Six lessons on how and why giants can fade from view when we're not paying attention.
When I was 13 I got a ham radio license and took to the airwaves. And while the tech was pretty cool (what teenage boy would turn down the chance to play with high voltage, hot solder, and an excuse to stay up late making odd screeching noises with equipment his parents didn't understand?), it was the thrill of sitting down, flicking a switch, and talking to someone halfway around the world that got me hooked. For a boy on a farm located in the Middle of Nowhere, MD it opened up the world.
But things change. Little boys grow up into teenagers and girls, guitars, and mischief replaced tubes, antennas, and Morse code. Life intervened and I moved on to other things.
Occasionally I've thought of going back to the hobby I loved so much, but then I realize that if I want to talk to someone halfway around the world, all I have to do is go to my computer and jump on IRC or post something to Reddit. I might still get a twinge of nostalgia once in a while for my once beloved hobby, but that quickly fades as I realize that what I loved it for has now become irrelevant. When the whole world is open at the click of a mouse, setting up antennas, fiddling with cranky equipment, and running up the electric bill seems like a lot more trouble than it's worth.
When I heard about Salon's recent offer to sell The WELL (short for "Whole Earth 'Lectrionic Link") I felt the same mixture of sadness, nostalgia, and wistfulness I sometimes get when I see my old Hallicrafters SX101 shortwave receiver sitting on my basement shelf. Truth be told I was never a long-time WELL member, but lots of my friends were and had been since they had to fire up their 2800 baud modems and dial in during the early days before the Internet broke into the public consciousness.
Those were heady days, and the brainpower posting to The WELL was even headier. Founded by Whole Earth Catalog founder Stewart Brand and the aptly named Larry Brilliant, The WELL quickly became the place to be in early cyberspace with techno-visionaries like John Perry Barlow, John Gilmore, Howard Rheingold, and pretty much the whole crew that went on to create highly influential magazines like Wired and Boing Boing. I don't think it's an understatement to say that the web we know today wouldn't have existed without The WELL. By today's standards The WELL was never a hugely popular service - as of June 2012 it had less than 3,000 members - but its influence was huge. The WELL may have never sold that many subscriptions, but just about every subscriber went out and did something extraordinary over the years.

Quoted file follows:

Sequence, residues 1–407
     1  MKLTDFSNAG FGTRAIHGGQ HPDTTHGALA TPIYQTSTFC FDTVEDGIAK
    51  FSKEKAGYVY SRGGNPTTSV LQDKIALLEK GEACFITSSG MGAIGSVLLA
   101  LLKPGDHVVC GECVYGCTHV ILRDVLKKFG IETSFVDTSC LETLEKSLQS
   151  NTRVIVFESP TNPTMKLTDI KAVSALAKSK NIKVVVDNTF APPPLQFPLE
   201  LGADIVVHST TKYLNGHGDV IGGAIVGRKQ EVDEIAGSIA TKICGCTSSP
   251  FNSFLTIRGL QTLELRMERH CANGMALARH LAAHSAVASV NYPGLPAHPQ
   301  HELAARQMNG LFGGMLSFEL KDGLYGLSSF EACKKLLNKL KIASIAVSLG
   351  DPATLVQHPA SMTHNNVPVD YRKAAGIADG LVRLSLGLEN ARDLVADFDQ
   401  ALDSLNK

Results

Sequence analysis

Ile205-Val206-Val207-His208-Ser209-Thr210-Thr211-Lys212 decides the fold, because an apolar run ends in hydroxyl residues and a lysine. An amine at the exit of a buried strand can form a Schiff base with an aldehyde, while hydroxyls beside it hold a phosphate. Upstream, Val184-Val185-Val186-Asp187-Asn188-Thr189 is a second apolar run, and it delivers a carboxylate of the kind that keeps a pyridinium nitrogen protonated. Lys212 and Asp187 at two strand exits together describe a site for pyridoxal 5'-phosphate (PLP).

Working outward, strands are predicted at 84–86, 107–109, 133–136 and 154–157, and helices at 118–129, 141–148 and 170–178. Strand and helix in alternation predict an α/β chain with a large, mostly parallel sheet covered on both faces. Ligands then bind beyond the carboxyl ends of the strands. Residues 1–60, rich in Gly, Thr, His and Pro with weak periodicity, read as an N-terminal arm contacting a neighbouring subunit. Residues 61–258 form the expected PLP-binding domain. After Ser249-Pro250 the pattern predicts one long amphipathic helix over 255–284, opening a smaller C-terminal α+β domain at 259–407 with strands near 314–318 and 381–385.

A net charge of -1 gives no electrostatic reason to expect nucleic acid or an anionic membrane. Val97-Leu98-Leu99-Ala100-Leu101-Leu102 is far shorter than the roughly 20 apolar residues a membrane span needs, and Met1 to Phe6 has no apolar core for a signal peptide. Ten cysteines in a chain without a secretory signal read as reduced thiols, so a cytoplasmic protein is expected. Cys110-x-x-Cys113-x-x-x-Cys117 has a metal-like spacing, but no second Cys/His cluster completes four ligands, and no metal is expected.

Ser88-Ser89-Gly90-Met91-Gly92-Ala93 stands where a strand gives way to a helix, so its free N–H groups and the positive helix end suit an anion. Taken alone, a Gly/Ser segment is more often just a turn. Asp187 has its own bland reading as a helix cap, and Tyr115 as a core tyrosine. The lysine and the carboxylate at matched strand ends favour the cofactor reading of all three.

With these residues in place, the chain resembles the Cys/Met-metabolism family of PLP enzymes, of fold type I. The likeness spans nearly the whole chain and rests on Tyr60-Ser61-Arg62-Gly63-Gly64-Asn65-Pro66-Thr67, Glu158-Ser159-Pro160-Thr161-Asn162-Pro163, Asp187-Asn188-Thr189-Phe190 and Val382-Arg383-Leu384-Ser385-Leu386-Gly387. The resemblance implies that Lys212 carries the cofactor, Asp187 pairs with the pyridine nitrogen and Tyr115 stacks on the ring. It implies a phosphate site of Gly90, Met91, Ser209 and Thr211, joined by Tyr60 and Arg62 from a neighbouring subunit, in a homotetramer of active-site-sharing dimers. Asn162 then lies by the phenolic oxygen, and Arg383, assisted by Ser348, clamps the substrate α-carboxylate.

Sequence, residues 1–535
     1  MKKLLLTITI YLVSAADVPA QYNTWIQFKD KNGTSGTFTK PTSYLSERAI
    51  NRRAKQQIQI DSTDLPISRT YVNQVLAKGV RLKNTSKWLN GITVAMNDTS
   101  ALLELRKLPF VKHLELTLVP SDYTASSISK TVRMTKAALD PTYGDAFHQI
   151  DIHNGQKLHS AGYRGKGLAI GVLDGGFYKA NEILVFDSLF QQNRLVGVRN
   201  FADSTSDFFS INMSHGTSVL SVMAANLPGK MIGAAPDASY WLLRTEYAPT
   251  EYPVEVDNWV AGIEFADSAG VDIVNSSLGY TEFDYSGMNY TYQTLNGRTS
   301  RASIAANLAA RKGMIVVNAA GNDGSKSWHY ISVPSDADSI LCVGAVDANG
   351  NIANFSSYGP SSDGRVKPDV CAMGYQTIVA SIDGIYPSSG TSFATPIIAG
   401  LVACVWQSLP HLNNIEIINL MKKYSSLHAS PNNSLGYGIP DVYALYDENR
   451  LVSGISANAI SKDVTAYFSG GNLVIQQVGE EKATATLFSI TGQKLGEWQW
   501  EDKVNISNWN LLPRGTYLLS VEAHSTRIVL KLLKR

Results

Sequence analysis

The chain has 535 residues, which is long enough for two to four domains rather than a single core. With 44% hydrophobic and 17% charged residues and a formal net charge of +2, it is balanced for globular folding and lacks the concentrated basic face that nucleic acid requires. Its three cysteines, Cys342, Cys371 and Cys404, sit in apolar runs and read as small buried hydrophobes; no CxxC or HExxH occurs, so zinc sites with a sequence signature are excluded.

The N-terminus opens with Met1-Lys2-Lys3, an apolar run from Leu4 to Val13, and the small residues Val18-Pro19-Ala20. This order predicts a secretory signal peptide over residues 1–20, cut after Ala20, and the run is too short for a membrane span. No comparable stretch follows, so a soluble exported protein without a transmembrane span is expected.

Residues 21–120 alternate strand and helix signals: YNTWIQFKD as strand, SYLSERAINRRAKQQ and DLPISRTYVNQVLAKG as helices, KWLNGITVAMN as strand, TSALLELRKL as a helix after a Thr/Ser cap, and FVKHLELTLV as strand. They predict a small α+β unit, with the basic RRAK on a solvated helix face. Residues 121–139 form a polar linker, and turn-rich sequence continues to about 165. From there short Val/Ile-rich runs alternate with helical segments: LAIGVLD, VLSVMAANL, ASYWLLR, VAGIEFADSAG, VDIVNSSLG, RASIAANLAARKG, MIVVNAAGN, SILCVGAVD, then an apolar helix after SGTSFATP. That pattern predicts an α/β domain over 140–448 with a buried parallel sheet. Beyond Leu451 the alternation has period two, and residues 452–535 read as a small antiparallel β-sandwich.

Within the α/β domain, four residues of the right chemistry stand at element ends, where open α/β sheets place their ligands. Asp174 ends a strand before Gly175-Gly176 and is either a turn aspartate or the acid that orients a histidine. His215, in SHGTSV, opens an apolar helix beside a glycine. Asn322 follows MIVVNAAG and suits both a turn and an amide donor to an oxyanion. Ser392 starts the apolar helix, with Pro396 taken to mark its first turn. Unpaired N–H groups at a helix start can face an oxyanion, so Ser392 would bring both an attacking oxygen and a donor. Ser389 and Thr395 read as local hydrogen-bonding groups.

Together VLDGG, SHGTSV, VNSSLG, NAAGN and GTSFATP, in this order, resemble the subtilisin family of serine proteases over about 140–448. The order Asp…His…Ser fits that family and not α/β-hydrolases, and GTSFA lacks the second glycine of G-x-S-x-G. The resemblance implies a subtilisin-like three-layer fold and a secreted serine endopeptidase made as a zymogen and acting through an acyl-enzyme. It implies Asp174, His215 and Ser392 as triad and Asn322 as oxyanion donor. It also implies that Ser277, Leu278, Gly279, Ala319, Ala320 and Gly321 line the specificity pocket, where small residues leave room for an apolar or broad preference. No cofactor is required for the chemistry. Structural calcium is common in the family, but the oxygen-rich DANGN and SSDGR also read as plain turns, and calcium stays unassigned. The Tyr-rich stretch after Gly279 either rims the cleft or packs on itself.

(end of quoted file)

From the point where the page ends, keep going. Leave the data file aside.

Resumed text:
So why did The WELL (also known as a major Deadhead hangout) ironically fade away? What caused it to fall from its perch as "The World's Most Influential Online Community" and join the faded ranks of other former tech darlings such as Digg, ThirdVoice, MySpace (to be fair, a site still very much alive), F*ked Company, Friendster (also surviving in reinvented form), ValleyWag.com, and The Industry Standard?
There are a lot more reasons than I can list here, but in these days of social media and mobile hype, I think the demise of The WELL provides more than a few good lessons about how and why giants can fade from view when we're not paying attention.
I have no doubt that The WELL will survive in one form or another - there are just too many smart, good-hearted, and inventive folks dedicated to the service to let it completely die - but it's probably never going to be what it was and sadly isn't going to ever become what it could have been. Learning from the mistakes it made over the years so that we don't make them ourselves is one part of The WELL's legacy that can live on long after it's faded away.
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Sean Carton has recently been appointed to develop the Center for Digital Communication, Commerce, and Culture at the University of Baltimore and is chief creative officer at idfive in Baltimore. He was formerly the dean of Philadelphia University's School of Design + Media and chief experience officer at Carton Donofrio Partners, Inc.
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